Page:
Mid-Century French Orange Lacquered & Mirrored Commode

French 1940s orange lacquered commode with 2 painted mirror doors with Neo-classic scene and brass trim. (Mirror decorated attributed to ADRIEN EKMAN)
ITEM #
058044
WIDTH
48.0"
STYLE
Mid-Century French
DEPTH
17.0"
COLOR
White, Brown
HEIGHT
38.5"
CATEGORY
Furniture > Tables > Console Tables
$42,500
In Stock
Qty: 1

Mid-Century French Orange Lacquered & Mirrored Commode

In Stock
$42,500
Quantity: 1
French 1940s orange lacquered commode with 2 painted mirror doors with Neo-classic scene and brass trim. (Mirror decorated attributed to ADRIEN EKMAN)
ITEM #
058044
WIDTH
48.0"
DEPTH
17.0"
HEIGHT
38.5"
STYLE
Mid-Century French
COLOR
White, Brown
Category
Furniture > Tables > Console Tables
Neo-classic

Neo-classic

Neo-classic refers to the second revival of classic design for interior decoration in the 18th century. This style was inspired by excavations of Pompeii and Herculaneum that begun in 1738. Common motifs include dolphins, lyres, and urns.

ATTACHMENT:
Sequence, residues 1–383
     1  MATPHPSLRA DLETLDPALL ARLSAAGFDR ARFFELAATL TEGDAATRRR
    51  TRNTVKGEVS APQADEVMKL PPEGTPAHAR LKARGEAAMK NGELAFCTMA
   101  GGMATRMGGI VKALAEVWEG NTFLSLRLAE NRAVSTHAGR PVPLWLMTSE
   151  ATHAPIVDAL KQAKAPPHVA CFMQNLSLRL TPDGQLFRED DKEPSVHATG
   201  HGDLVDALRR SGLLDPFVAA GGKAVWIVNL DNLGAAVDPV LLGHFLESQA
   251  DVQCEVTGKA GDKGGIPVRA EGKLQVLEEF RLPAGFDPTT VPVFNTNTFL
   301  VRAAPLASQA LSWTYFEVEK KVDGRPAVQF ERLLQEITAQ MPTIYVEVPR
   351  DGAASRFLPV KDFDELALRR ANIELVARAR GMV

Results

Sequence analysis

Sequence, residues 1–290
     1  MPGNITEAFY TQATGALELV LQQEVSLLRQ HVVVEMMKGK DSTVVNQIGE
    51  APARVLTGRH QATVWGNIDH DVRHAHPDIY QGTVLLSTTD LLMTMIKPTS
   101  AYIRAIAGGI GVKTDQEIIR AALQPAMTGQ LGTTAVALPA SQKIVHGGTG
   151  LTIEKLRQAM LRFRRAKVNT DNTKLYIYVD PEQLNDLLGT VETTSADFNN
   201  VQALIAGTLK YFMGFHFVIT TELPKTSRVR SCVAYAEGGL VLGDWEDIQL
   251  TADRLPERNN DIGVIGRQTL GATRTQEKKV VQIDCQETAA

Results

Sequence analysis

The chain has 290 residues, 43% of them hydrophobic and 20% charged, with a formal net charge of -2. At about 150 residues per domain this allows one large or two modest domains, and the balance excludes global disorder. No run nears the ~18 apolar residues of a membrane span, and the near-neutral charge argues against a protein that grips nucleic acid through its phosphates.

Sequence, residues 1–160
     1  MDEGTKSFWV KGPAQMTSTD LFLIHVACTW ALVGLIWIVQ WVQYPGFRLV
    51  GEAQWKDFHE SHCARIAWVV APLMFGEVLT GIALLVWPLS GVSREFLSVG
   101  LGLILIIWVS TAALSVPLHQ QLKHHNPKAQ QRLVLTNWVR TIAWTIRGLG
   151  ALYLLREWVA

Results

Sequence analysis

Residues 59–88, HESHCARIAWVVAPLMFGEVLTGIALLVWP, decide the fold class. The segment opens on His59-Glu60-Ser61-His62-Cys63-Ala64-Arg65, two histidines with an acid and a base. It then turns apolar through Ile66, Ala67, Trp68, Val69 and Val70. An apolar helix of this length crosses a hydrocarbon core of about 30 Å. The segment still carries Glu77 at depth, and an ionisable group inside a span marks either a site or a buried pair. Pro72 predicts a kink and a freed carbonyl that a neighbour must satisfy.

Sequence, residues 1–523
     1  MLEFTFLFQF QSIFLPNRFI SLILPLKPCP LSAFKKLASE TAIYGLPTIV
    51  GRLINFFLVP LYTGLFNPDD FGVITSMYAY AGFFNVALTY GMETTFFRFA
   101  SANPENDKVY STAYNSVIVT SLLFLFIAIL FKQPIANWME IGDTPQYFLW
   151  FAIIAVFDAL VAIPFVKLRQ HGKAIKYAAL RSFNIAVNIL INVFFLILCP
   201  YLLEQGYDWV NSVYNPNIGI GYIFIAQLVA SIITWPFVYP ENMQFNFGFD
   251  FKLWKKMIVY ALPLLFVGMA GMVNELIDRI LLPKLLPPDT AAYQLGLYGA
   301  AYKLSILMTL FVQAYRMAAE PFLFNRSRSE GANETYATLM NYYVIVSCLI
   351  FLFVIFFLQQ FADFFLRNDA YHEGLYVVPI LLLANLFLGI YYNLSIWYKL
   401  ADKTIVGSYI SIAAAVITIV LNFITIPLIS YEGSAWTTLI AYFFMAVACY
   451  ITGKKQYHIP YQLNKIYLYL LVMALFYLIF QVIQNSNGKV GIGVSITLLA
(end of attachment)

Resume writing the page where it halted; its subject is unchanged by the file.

Commode

Commode

French form mimicking an English chest-of-drawers, dating from the mid 17th-century and very popular in the 18th century. Fashion greatly determined variances in styles and decoration, but commodes generally are wider than they are tall.

Neo-classic

Neo-classic

Neo-classic refers to the second revival of classic design for interior decoration in the 18th century. This style was inspired by excavations of Pompeii and Herculaneum that begun in 1738. Common motifs include dolphins, lyres, and urns.

Commode

Commode

French form mimicking an English chest-of-drawers, dating from the mid 17th-century and very popular in the 18th century. Fashion greatly determined variances in styles and decoration, but commodes generally are wider than they are tall.

Neo-classic

Neo-classic

Neo-classic refers to the second revival of classic design for interior decoration in the 18th century. This style was inspired by excavations of Pompeii and Herculaneum that begun in 1738. Common motifs include dolphins, lyres, and urns.

Commode

Commode

French form mimicking an English chest-of-drawers, dating from the mid 17th-century and very popular in the 18th century. Fashion greatly determined variances in styles and decoration, but commodes generally are wider than they are tall.

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